In the fourth and final installment of a series of articles investigating who is buying and selling small businesses in America, BizBuySell looks at how ethnicity affects buyer demographics and the motivations behind small business acquisitions.
Diversity isn’t a word most people would use to describe sellers in today’s business-for-sale market. More often than not, sellers are Caucasian Baby Boomers interested in exiting their careers to enter retirement. In fact, BizBuySell’s recent survey of small business buyers and sellers found that 86 percent of owners interested in selling their businesses identify as Caucasian.
But what about the buyers in today’s market?
According to BizBuySell’s report, which surveyed over 2000 prospective small business buyers and sellers, buyers are a more diverse group. Although the market still leans Caucasian, just 74 percent of business buyers identify as Caucasian, a slightly smaller number than the 77.9 percent of Americans listed as Caucasian in the latest U.S. Census (2012). Asian/Pacific Islanders accounted for much of the difference, representing 12 percent of the business buyer pot, more than double the 5.1 percent listed in the Census.
However, beyond mere totals, a breakdown of business buyers by race offers additional insights about who is buying businesses and the motivations behind their interest in small business ownership.
More Minorities In Younger Age Brackets
As discussed in a previous BizBuySell report, the number of minorities interested in buying a business is particularly strong in younger age groups. Caucasians again tended to be on the older side, with 48 percent listing themselves as 50 to 64 years old, while another 8 percent were 65 or older. Only 3 percent of Caucasians fell between 18 and 29 years old.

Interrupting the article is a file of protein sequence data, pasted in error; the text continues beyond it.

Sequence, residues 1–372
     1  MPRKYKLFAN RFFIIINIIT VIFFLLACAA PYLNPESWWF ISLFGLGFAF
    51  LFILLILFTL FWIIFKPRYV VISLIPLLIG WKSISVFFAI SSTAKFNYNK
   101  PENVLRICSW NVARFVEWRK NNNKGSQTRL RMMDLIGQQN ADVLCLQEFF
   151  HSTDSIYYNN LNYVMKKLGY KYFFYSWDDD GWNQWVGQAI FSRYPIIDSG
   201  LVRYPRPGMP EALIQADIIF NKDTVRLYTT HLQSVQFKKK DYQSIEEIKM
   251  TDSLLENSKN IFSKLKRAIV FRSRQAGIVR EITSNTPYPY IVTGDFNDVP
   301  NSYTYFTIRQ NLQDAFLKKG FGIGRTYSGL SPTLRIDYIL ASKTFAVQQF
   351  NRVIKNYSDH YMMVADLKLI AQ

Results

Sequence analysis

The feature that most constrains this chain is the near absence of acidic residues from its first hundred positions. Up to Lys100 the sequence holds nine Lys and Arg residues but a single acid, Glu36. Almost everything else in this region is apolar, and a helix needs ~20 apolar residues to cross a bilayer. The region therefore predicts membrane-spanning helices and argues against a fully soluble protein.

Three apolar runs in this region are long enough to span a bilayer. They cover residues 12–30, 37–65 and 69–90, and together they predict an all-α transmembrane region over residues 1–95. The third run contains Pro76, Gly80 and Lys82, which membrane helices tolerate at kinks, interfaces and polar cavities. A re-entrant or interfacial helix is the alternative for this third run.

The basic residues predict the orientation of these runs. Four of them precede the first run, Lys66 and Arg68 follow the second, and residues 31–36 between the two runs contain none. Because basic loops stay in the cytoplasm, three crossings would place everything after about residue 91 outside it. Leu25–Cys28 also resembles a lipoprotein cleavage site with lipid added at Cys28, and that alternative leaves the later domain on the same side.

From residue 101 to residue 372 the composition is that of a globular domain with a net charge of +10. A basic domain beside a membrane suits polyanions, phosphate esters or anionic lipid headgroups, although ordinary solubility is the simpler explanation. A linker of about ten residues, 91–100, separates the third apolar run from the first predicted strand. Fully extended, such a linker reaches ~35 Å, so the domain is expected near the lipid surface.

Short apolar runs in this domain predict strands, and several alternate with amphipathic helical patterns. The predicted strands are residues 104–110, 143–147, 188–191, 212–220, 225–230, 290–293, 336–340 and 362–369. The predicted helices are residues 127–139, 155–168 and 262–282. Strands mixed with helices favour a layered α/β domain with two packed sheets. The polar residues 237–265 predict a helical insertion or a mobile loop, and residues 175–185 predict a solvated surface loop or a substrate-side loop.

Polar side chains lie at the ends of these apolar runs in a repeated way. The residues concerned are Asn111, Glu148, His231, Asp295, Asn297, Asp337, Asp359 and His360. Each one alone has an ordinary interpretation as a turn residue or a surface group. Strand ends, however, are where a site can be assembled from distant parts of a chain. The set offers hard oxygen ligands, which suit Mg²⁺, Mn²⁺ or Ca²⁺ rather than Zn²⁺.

Other races, however, leaned more toward younger age brackets. In fact, the 30 to 49 year old bracket represented the majority of African American (58 percent), Asian (58 percent) and Hispanic (53 percent) buyers. All three racial categories had two percent or less of their population in the 65 and older group, and all outpaced Caucasians in the 18- to 29-year-old demographic.
African American Buyers Motivated to Be Own Boss; Asian Owners Most Likely to Buy Multiple Businesses
When asked about their motivations for becoming a small business owner, a large majority (72 percent) of African Americans cited the desire to be their own boss, compared to 52 percent of Caucasian and Hispanic buyers, and just 38 percent of Asian/Pacific Islander buyers. African Americans were also the most likely to be motivated by better income opportunities and better lifestyles as small business owners.
Caucasian buyers, on the other hand, were most likely to purchase a business as an exit plan from their current careers, with 16 percent indicating they were buying because they don’t like their current jobs.
For Asian-descent buyers, success with a first small business purchase may be a motivating factor for additional investments. When asked about their current employment, 43 percent of Asian buyers said they already own a business, meaning their current interest is either based on a desire to own multiple businesses or sell their current business and purchase a new one. This could become increasingly common across all ethnicities as the economy rebounds, since buyers have more capital and confidence in the small business outlook.
African-American Women Prevalent As Buyers; Asian Buyers Male-Dominated